That halt lasted for more than a few hours, or even a full day — it wasn't until 11 a.m. ET on Sept. 13 that national airspace reopened to U.S. air carriers, provided airports had implemented new security measures.

Sen. Ted Cruz says the outage is a sign of dysfunction in the Department of Transportation

Posted January 11, 2023 at 11:30 AM EST

Sen. Ted Cruz, R-Tex., issued a statement on the outage, attacking the FAA's outage as "completely unacceptable" and "the latest example of dysfunction within the Department of Transportation."

He also alluded to possible congressional action, saying "the administration needs to explain to Congress what happened" and that congress should "enact reforms in this year's FAA reauthorization."

A Democrat, Rep. Lou Correa of California, also weighed in, calling for the outage to be fully investigated.

"As we wait to know more, seeing that our nation’s flight infrastructure can come to a grinding halt so easily is, without doubt, a threat to our national security," he wrote on Twitter.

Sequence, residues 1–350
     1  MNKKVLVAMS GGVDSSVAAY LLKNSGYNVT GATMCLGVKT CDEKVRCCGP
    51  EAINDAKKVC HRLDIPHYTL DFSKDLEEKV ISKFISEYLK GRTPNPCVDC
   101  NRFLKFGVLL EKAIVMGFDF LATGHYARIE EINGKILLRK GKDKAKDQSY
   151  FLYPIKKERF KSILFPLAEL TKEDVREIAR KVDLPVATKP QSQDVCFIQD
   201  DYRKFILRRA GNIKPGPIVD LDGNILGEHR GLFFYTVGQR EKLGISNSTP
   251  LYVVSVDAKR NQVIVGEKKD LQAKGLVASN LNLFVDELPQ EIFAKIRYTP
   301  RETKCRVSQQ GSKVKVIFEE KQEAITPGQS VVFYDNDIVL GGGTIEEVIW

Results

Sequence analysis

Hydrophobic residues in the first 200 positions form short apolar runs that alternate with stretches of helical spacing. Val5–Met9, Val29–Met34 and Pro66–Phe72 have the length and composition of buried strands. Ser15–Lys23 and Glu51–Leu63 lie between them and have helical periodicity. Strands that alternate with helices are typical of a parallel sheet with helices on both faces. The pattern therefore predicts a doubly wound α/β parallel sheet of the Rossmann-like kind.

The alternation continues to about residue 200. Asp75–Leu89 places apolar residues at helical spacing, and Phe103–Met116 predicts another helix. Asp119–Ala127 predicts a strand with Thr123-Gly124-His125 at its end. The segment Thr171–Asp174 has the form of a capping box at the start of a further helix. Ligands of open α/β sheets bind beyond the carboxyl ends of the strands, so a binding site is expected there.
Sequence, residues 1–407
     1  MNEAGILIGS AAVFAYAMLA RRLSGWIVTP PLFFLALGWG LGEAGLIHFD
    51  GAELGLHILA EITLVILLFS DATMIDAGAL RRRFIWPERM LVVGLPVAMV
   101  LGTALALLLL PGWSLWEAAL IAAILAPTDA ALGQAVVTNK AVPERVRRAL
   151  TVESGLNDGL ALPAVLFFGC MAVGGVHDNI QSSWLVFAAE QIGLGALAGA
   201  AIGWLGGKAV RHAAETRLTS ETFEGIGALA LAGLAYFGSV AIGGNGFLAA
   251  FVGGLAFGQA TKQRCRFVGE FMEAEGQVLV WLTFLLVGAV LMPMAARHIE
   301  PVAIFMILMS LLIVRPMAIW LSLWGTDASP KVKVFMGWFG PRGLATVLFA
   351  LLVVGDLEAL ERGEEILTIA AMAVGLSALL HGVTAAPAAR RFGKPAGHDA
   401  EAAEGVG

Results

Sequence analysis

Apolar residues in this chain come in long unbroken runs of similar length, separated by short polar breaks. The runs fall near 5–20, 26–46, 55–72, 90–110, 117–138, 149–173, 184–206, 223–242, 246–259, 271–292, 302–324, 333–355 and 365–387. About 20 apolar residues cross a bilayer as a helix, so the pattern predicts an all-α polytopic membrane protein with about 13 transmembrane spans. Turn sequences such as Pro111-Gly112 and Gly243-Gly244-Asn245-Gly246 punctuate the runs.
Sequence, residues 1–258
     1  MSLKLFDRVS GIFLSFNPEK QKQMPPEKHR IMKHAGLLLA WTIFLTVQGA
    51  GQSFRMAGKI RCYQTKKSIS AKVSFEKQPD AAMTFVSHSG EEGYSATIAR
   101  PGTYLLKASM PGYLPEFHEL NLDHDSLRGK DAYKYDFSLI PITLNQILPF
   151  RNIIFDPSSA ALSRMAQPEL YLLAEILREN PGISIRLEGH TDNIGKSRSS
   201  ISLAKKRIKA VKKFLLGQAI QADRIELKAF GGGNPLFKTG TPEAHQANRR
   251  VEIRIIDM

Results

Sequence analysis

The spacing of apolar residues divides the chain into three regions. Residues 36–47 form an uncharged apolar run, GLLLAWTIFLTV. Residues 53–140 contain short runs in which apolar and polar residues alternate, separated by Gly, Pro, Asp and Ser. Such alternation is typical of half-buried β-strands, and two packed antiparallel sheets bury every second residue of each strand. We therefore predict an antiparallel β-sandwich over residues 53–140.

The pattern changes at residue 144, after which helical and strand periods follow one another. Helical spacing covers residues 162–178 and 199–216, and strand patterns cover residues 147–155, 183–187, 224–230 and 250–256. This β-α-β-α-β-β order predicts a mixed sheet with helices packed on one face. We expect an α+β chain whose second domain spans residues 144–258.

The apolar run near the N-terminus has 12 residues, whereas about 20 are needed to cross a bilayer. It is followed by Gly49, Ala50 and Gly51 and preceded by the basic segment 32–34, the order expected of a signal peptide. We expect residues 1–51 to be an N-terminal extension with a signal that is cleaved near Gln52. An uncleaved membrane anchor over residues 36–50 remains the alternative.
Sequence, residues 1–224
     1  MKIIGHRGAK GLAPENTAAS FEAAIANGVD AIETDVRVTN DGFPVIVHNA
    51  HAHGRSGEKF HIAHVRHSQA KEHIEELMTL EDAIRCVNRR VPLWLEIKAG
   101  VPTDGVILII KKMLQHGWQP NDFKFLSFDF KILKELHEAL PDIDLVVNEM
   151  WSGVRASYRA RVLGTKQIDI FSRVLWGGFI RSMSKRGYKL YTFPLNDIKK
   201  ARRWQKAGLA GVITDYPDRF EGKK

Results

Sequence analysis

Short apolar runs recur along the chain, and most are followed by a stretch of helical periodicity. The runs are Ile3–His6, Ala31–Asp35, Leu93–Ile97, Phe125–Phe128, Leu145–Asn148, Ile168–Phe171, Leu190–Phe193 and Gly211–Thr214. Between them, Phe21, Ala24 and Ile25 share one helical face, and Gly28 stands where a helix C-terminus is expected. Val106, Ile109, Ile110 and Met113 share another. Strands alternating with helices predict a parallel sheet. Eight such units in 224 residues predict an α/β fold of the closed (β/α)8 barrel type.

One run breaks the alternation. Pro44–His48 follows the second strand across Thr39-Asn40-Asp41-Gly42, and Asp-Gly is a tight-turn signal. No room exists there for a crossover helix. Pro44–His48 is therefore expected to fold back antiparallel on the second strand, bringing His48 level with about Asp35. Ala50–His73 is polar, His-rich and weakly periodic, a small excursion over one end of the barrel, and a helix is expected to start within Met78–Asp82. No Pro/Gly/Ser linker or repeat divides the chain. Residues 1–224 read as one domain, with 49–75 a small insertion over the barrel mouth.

More than 1,000 U.S. flights have been canceled

Posted January 11, 2023 at 11:07 AM EST
Flight delays are shown on a board at Reagan Washington National Airport on Thursday.
Alex Wong
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Getty Images
Flight delays are shown on a board at Reagan Washington National Airport on Wednesday.

More than a thousand U.S. flights have been canceled today as of 11 a.m. ET, two hours after the ground halt was lifted.

The number of delays and cancellations has continued to climb over the last hour, according to FlightAware.

More than 6,400 flights into, within or out of the U.S. have been delayed, and just over 1,020 have been canceled.